Ten boundary stones inscribed with the letters ‘ILB’, denoting Ivybridge Local Board, were instated towards the end of the nineteenth century. Whilst all their locations are known, unfortunately not all of them exist today.
Ivybridge has two Parish Stones and two County Stones all located close to the old Ivy Bridge. Additionally, it has one of only four surviving milestones from the original Plymouth to Exeter thoroughfare.
Various bridges have been constructed over the years to afford passage over the River Erme. Not all of these bridges remain today.
Long before the Glanvilles Mill shopping centre existed, a corn mill and provender mill known locally as Lee’s Mill occupied the site in Fore Street
Established in the 1780s, the London Inn was conveniently located on the main coach road. It remained an hotel in Ivybridge until the 1990s.
- Ivybridge during World War II & Civil Defence
- The Home Guard and the role of Ivybridge Women
- American Troops in Ivybridge
- Rationing & the End of the War
Ivybridge provided relatively safe accommodation for various government departments during the war years
The town’s air raid precautions were made up of air raid wardens, a report post, two ambulance units, a first aid post, a rescue squad and a decontamination squad in the event of a gas attack.
Ivybridge’s Home Guard was No.12 Platoon with a Drill Hall located in Victoria Park.
Many ladies in Ivybridge undertook a variety of jobs. Some could be performed in their own homes, whilst others required halls or the local school for the staging of emergency cooking demonstrations and similar skills
In May, 1943, the GIs of the 116th Infantry Regiment came to Ivybridge as part of Operation Bolero, a long-range plan for transferring and then accommodating almost 2 million American servicemen in Britain in the run-up to an invasion of Europe.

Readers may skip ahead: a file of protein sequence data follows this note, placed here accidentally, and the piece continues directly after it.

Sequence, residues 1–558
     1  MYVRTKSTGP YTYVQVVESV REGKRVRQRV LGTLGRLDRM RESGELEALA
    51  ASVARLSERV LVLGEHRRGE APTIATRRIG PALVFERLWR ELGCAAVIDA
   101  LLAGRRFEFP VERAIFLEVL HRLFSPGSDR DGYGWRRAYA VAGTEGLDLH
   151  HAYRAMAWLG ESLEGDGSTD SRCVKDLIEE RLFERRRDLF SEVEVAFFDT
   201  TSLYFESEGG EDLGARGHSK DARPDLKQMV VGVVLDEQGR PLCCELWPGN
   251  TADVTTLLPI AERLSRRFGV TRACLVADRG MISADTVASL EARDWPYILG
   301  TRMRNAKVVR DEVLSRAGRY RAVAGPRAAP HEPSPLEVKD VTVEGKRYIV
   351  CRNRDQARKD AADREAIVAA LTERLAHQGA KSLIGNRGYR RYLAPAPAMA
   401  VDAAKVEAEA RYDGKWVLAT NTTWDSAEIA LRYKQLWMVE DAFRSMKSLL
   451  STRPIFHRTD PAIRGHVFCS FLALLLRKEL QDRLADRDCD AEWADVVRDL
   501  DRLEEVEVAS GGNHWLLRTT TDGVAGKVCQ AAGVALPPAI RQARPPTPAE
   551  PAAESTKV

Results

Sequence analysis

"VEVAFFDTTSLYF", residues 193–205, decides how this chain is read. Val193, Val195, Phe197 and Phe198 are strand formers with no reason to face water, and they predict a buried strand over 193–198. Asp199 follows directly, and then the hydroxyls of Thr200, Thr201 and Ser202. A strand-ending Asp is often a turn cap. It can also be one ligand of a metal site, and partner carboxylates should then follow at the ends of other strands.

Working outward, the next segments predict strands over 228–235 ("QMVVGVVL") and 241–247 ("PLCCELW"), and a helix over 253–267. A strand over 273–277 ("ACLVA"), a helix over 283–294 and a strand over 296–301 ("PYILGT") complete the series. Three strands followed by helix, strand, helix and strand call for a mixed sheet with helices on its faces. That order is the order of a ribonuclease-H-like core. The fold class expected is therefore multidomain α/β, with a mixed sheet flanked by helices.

Millions of ration books were printed and people had to obtain these in order to buy food, clothing and motor fuel.
At the time of Churchill’s broadcast on the 8th May 1945 declaring that the was was over, it was documented that the streets of Ivybridge were deserted, everyone was in doors. However, from 6.30 onward, it was the complete reverse, crowds had flocked to the churches for special services and then later celebrations both at home and in the streets.
The Ivybridge Viaduct is one of five viaducts situated between Totnes and Plymouth, all of which were originally designed by the engineer Isambard Kingdom Brunel
Longtimber Woods is an area of 53 acres consisting of mainly broadleaf trees and a variety of shrubs. It has been used by local people for walks, swimming and picnics.
- Redlake Tramway
- Processes & Daily Life at Redlake
- Redlake during the Great War
- The Ivybridge China Clay Company
In 1910 a single track, three-foot gauge railway running eight miles from the China Clay pits at Redlake to the drying sheds at Cantrell was constructed.
China Clay washed from the ground flowed into settling tanks and then dried in a pan kiln before being transported away by train to Plymouth Docks
- The use of rags in paper making
- Mill Fire
- Mill Manufacturing & Modernisation
- Security Document Paper
- Mill Scrapbook
- Stowford Mill Bicentenary
- Stowford Mill Sports & Social Club